Sunday, May 06, 2018

Sunday Morning Links

This and that for your Sunday reading.

- Tom Parkin discusses the need for a new Tommy Douglas to start leading the way toward national social programs - and the hope that Andrea Horwath can earn that role in Ontario's provincial election:
Since Douglas’s time, Canadian health care has been defended from periodic rounds of cuts. But only the rare politician has picked up the threads of Douglas’s legacy in an attempt to extend health care. One of those rare times may be coming.

If she is elected premier next month, Ontario NDP Leader Andrea Horwath vows to end the cuts causing the current bout of hallway medicine. But she’s also pledged to build on Douglas’s medicare legacy by adding pharmacare and dental care. And those plans—and her child care pledge—could set in motion a new era in co-operative federalism that takes those plans across Canada.

(W)ith 80 per cent of voters repeatedly telling pollsters they want change, between Horwath and Ford there couldn’t be a more stark contrast. If Horwath is the new Tommy Douglas, PC Leader Doug Ford is the exact opposite.

Horwath sees social programs as critical to our prosperity. Ford views them as costs to be cut. Horwath promises to add new drug and dental plans, paying for it with higher taxes on incomes over $220,000. If she can pull out a win, that’ll build on Douglas’s legacy. Ford offers more corporate tax cuts and a continuation of Wynne’s privatization schemes. His election would result in billions and billion in cuts—eroding what Douglas built.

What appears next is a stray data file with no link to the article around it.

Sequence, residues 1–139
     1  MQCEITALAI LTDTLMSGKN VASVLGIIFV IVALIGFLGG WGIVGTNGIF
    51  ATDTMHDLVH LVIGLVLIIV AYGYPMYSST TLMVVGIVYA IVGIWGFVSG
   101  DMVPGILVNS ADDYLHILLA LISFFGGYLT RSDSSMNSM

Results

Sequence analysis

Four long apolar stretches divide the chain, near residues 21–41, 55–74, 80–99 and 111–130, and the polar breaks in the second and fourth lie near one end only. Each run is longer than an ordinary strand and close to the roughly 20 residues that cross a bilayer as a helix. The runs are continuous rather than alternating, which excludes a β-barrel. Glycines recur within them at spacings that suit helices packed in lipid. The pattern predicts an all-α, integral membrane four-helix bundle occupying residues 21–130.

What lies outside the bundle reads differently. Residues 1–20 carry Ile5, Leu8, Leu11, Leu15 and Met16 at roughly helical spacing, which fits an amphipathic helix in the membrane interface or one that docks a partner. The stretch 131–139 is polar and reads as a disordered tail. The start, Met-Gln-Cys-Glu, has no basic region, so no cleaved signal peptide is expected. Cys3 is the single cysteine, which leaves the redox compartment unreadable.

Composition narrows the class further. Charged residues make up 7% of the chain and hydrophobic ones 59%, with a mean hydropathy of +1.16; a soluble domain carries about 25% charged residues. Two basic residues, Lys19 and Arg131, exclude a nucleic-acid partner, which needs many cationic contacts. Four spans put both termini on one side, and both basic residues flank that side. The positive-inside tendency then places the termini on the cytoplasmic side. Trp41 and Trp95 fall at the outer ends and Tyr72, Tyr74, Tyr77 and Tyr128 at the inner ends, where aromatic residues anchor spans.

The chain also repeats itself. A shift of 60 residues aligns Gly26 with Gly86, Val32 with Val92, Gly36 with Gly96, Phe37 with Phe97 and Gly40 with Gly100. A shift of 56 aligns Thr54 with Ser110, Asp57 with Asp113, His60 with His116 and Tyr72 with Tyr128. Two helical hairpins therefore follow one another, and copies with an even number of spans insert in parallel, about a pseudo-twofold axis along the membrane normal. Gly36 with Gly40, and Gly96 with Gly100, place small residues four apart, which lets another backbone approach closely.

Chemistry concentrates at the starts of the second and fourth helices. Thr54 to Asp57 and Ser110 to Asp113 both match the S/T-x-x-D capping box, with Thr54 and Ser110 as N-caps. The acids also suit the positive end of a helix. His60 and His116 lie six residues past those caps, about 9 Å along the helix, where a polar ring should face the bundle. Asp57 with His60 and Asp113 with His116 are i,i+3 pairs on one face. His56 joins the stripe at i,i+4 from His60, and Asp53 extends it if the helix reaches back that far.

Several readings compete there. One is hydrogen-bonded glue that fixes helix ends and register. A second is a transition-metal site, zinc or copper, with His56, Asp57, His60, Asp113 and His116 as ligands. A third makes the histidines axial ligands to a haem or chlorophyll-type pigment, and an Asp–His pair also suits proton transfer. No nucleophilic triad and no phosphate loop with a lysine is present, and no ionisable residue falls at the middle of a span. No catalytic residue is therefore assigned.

(W)ith provinces bickering and the Trudeau Liberals off course, a Ford win would bring even more confrontation and division to federal-provincial politics. But initiatives by a Premier Horwath could revive co-operative federalism and get Ottawa back on track. Her ideas offer the hope of a more co-operative federation and a stronger Canadian identity. Douglas’s efforts sure did.
- Meanwhile, Gary Mason is genuinely pleased to thrilled to see John Horgan's government making housing more affordable through a more fair property tax system. And David Camfield discusses the importance of building a stronger progressive movement on the prairies.

- Robert Cribb, Carolyn Jarvis and Andrew Bailey report on the embarrassing pollution from Canadian refineries compared to their southern counterparts nearly two decades after Canada was supposed to adopt U.S. standards.

- Doyle Rice reports on the unsurprising news that greenhouse gases are at their highest point in human history (and far beyond). James Wilt points out the credibility problems with the climate change data the Libs have recently unveiled. And Aaron Wherry figures there's now a consensus on the need to reduce emissions - though I'd think it's more likely the Cons' plan is once again merely to criticize any form of action which seems like it could possibly be implemented.

- Finally, Andrew Crosby and Jeffrey Monaghan offer an important reminder about the criminalization of dissent - and particularly the Indigenous movement seeking to protect land and water.

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